5. Impact on overall network performance . . . . . . . . . . . . . 6 5. Impact on overall network performance . . . . . . . . . . . . . 6
6. IANA Considerations . . . . . . . . . . . . . . . . . . . . . . 6 6. IANA Considerations . . . . . . . . . . . . . . . . . . . . . . 6
7. Security Considerations . . . . . . . . . . . . . . . . . . . . 6 7. Security Considerations . . . . . . . . . . . . . . . . . . . . 6
8. Acknowledgements . . . . . . . . . . . . . . . . . . . . . . . 6 8. Acknowledgements . . . . . . . . . . . . . . . . . . . . . . . 6
9. References . . . . . . . . . . . . . . . . . . . . . . . . . . 7 9. References . . . . . . . . . . . . . . . . . . . . . . . . . . 6
9.1. Normative References . . . . . . . . . . . . . . . . . . . 7 9.1. Normative References . . . . . . . . . . . . . . . . . . . 6
9.2. Informative References . . . . . . . . . . . . . . . . . . 7 9.2. Informative References . . . . . . . . . . . . . . . . . . 7
Authors' Addresses . . . . . . . . . . . . . . . . . . . . . . . . 8 Authors' Addresses . . . . . . . . . . . . . . . . . . . . . . . . 8
Intellectual Property and Copyright Statements . . . . . . . . . . 9 Intellectual Property and Copyright Statements . . . . . . . . . . 9
1. Conventions and Definitions 1. Conventions and Definitions
The key words "MUST", "MUST NOT", "REQUIRED", "SHALL", "SHALL NOT", The key words "MUST", "MUST NOT", "REQUIRED", "SHALL", "SHALL NOT",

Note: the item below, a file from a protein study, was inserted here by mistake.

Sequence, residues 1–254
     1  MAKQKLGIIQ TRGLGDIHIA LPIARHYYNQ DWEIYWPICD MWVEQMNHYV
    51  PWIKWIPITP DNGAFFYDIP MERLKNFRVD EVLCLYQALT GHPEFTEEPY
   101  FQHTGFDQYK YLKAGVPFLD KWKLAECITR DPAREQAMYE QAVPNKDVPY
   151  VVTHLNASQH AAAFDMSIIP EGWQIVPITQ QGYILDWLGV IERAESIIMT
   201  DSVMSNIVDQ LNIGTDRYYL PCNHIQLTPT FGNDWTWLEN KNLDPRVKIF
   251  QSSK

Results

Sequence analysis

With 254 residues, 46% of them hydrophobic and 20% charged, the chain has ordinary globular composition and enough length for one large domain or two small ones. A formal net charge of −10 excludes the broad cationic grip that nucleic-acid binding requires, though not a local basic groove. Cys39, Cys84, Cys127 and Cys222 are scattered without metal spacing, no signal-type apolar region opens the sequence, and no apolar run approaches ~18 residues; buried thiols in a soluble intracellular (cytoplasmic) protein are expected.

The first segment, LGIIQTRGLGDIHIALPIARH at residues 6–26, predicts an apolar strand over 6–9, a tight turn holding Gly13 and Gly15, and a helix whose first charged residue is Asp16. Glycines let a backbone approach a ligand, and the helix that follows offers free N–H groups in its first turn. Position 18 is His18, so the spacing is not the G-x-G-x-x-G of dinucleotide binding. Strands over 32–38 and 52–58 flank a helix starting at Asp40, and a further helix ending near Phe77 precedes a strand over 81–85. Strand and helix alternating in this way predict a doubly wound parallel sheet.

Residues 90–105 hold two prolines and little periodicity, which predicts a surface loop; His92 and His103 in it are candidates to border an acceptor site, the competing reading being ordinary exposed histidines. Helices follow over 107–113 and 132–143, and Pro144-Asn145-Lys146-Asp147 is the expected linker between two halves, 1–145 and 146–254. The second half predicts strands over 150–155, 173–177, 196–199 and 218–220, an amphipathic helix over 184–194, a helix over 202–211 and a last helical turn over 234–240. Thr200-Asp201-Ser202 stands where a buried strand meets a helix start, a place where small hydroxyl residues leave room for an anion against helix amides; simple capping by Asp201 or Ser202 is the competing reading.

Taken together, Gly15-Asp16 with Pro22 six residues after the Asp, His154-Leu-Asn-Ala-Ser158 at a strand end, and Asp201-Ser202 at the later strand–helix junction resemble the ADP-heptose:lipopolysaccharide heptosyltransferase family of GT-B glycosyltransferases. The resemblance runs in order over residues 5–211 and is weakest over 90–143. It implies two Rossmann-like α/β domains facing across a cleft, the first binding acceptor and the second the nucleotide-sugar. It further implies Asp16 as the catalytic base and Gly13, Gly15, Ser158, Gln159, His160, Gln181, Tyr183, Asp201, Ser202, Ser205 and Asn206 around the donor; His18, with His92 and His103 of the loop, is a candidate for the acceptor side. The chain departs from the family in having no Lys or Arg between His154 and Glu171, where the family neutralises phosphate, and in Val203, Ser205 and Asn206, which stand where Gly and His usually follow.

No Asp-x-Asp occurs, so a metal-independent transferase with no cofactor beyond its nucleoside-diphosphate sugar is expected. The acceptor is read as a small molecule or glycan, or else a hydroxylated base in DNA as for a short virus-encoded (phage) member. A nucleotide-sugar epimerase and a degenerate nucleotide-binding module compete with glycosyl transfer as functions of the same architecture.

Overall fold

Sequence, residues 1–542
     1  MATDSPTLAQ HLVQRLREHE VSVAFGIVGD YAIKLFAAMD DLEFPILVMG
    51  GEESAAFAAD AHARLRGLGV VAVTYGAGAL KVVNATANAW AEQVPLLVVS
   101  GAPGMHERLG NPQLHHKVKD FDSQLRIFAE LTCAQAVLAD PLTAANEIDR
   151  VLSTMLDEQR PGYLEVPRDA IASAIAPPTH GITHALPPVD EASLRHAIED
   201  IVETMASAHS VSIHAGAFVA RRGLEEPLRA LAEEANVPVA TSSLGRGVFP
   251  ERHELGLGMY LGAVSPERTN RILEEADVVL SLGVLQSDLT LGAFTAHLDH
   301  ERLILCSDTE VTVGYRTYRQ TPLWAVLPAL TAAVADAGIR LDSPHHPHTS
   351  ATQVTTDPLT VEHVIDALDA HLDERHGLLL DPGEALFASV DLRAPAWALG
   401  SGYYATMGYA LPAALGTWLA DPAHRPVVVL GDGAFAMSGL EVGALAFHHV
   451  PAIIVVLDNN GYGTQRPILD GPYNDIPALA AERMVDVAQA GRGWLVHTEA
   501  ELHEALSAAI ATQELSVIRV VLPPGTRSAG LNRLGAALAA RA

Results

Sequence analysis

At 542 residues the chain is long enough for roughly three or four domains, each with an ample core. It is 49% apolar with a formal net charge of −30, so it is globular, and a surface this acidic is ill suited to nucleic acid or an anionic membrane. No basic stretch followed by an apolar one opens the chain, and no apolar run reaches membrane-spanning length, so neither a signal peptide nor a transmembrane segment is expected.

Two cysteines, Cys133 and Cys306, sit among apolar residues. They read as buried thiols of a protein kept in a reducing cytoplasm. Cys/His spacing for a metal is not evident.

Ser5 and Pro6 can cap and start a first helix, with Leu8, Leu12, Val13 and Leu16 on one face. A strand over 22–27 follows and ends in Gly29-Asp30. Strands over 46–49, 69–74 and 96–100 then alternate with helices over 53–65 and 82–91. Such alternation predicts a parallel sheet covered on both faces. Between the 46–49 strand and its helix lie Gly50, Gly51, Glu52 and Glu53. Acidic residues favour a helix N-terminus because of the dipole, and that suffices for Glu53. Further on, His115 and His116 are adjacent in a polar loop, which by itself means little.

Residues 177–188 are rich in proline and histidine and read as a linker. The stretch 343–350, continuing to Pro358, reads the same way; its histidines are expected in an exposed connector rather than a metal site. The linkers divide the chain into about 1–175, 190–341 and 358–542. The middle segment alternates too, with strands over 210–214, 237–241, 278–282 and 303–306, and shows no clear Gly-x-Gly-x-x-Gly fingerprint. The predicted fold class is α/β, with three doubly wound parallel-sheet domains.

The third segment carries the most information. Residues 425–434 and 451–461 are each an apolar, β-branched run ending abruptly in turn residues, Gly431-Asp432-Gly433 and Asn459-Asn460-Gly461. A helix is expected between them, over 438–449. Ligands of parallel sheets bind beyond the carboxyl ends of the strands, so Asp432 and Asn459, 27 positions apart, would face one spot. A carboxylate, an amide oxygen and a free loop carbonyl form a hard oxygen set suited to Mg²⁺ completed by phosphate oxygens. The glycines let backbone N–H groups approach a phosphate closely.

"SHOULD", "SHOULD NOT", "RECOMMENDED", "MAY", and "OPTIONAL" in this "SHOULD", "SHOULD NOT", "RECOMMENDED", "MAY", and "OPTIONAL" in this
document are to be interpreted as described in RFC-2119 [RFC2119]. document are to be interpreted as described in RFC-2119 [RFC2119].
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proxy forks a request to more than one destination, it is required to proxy forks a request to more than one destination, it is required to
ensure it is not participating in a request loop. ensure it is not participating in a request loop.
3. Vulnerability: Leveraging Forking to Flood a Network 3. Vulnerability: Leveraging Forking to Flood a Network
This section describes setting up an attack with a simplifying This section describes setting up an attack with a simplifying
assumption, that two accounts on each of two different RFC 3261 assumption, that two accounts on each of two different RFC 3261
compliant proxy/registrar servers that do not perform loop-detection compliant proxy/registrar servers that do not perform loop-detection
are available to an attacker. This assumption is not necessary for are available to an attacker. This assumption is not necessary for
the attack, but makes representing the scenario simpler. The same the attack, but makes representing the scenario simpler. The same
attack can be realized with a single accont on a single server. attack can be realized with a single account on a single server.